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A Pacifist Remembers November 8, 2010

Posted by dreamom in Faith, family, Happiness, Life, Parenting, Peace.
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It is times like this when I feel like my inner Old Lady makes an appearance.  Maybe that is because my grandmother was the biggest pacifist I knew.

When I was growing up we would solemnly attend the neighbourhood Remembrance Day Ceremony, and pay respect to the people lost in wars – both in the World Wars, and wars all over the world.  I remember distinctly that the ceremony always talked about the loss of civilian lives as well as the fallen heroes who worked in the military.  I also remember the old shaky voices of the veterans as they talked about the experience of being in war, and imploring us as the future to not let it happen again.  War was not about creating heroes or an opportunity for hero worship, but a horrible, catastrophic event that was to be avoided.

My young child mind took this to heart, and believed that these veterans were begging us to consider the cost of war, and that it was not heroes that came home, but heartbreak.  Add this to the experience of having a very publicly pacifist grandmother, and I became a very pacifist me.

All that was during the Golden Age for Canada, when we were not a country at war.  Now, everything is different.  Some people don’t understand that while people made fun of our military for being ‘wimpy’, they were serving the essential role of “Peacekeepers”.  That was a position to be proud of!  Although we definitely made mistakes in that role, it was evident to the world that we valued Peace, and as such valued people.  Not just the people on the ‘right side’, but the innocent people who lose their homes, livelihoods and lives when wars break out in their neighbourhoods.

Now we are a country at war.  We have an active military presence in countries and we are not there to make peace.  We are there inflicting our brand of justice on ‘the wrong side’, and taking civilians down in our path.  That changed everything.  It changed the way the world viewed us.  It changed the way the people in active service viewed themselves.  It changed the way that we as Canadian lay people viewed the military.  It changed the way that we, Canadians, viewed the world.

Nowhere is this more evident than with the current Red vs. White Poppy controversy.  There is a complete disconnect for people as to what the point is.  As kids we were taught that the colour red was significant because it symbolized the blood that was spilled – the blood that flowed on the ground like rivers to lower ground – the blood that filled the waters of seas and bays, and lakes, lapping on the shore in place of the beating heat that it just left .  There was no distinction of WHOSE blood.  None of it was glory – just loss.  That red poppy is supposed to remind us of the loss.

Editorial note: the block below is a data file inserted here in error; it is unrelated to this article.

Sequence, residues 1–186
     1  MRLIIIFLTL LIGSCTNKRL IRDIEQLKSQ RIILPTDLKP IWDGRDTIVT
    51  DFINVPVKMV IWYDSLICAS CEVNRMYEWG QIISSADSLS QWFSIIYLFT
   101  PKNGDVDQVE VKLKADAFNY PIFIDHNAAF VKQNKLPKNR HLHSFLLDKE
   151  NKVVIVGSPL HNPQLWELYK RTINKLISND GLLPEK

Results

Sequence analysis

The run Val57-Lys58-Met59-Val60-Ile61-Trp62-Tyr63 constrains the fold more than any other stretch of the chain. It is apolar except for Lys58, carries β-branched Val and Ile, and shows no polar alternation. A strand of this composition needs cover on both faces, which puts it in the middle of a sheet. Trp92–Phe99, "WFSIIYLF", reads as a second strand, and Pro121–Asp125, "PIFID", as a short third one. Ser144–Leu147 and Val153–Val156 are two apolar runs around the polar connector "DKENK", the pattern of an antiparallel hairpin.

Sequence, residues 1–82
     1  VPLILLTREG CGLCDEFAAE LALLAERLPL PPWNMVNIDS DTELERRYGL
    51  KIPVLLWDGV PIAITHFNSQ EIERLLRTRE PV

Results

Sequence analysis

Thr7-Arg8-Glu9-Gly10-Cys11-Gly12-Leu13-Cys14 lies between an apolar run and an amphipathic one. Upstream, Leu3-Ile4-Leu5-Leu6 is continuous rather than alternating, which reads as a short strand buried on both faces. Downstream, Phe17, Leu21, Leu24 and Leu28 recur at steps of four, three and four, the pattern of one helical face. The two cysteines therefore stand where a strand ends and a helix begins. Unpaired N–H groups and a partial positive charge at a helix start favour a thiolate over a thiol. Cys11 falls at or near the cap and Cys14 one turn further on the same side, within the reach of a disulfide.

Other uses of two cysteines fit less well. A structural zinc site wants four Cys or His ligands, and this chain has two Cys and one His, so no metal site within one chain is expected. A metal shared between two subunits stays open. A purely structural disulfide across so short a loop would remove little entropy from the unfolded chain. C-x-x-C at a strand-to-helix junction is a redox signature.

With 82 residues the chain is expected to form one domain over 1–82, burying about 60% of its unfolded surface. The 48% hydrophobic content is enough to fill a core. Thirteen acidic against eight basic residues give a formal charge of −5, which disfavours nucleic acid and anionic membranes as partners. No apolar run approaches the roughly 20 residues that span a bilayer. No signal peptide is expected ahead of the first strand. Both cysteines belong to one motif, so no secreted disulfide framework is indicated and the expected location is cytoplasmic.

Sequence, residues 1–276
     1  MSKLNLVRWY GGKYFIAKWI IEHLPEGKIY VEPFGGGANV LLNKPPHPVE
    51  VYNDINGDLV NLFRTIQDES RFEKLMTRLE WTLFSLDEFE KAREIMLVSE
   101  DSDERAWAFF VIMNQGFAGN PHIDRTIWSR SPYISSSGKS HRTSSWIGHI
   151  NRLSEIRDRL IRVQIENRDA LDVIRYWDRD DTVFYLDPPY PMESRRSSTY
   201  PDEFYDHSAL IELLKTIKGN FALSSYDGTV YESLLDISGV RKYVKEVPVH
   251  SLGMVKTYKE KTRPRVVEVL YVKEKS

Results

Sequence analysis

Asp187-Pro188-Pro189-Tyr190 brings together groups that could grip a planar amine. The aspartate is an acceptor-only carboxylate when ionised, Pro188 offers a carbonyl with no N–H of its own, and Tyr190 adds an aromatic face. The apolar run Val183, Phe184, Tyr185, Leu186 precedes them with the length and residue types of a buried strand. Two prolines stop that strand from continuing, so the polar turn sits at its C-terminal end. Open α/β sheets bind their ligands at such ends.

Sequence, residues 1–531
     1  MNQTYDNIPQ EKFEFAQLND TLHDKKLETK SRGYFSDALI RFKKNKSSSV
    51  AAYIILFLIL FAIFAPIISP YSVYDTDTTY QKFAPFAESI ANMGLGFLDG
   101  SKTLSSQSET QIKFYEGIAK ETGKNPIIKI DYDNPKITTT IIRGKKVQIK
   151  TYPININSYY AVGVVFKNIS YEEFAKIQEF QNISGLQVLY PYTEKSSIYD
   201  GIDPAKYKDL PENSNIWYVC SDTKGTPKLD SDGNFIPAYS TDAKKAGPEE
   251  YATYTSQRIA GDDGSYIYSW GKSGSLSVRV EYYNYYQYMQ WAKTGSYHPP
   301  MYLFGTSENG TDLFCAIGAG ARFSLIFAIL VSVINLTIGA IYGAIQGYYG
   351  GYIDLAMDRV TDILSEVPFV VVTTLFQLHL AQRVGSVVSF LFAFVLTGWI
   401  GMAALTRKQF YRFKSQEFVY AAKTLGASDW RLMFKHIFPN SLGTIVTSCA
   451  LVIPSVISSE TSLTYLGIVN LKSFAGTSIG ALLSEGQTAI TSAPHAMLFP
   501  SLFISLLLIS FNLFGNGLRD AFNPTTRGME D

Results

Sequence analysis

The white poppy is white to be a reflection of the ideal.  White represents purity, and the absence of the ‘blood’ is certainly the ideal.  It doesn’t suggest that anyone sacrificed in vain, but that going forward we should maintain that purity.  It is a hope that new lives won’t be lost, and that peace will reign in our land, and others.

In reality it is fitting to have both.  The red to remind us of the bloodshed, and to allow us to remember the cost of war on a personal level.  It is in keeping the words of those WWI, and WWII veterans – the ones who implored us to lead the world down a different path so that wars would end, and peace would prevail – that we also wear the white to remind us to work towards peace in any and all situations.

Instead the whole thing has turned into a pacifist vs. veterans thing.  People talk about pacifists as though they are heartless extremists who want to defile the memory of people lost in wars, and sully the experiences of those veterans who came home from wars forever changed by their experiences.  There are ‘Support the Troops’ drives that people are bullied into, or labelled as traitors and ingrates if they feel that it is more about supporting the war than the troops.  There is a stigma put on the white poppy, and now the Canadian Legion is talking of SUING people for wearing or supporting the white poppy campaign.  Really?  REALLY?!  For supporting peace, and for supporting NO MORE OF OUR MILITARY BEING KILLED people want to tar and feather us?

I don’t get it.  I don’t get why the notion of peace is incongruent with supporting the troops and their families, by our interest to GET THEM HOME.  I don’t understand why a girl during the Gulf War was spit on and beat up for having a peace sign on her cheek.  I don’t understand why the RCL is wanting to sue people for promoting peace.  I don’t understand people being upset that you support the troops, but not the war.

This Remembrance Day, as all the others that my children remember I will be supplementing the message they hear at the Remembrance Day Ceremony and will be recounting the words of those veterans I heard speak as a child.  The ones that hoped that their experience was not in vain, and that future generations would be able to live in peace, and that the lives of their comrades were not lost in vain, but resulted in saving others from being lost.

This Pacifist remembers the lives lost, and in response, out of a moral conviction, out of heartbreak, and out of  respect for all those lost in wars – promotes peace.

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Comments»

1. ladysown - July 29, 2011

well, this has helped me understand your pacifist heart a bit better, though I suspect we’ll continue to disagree on this topic.


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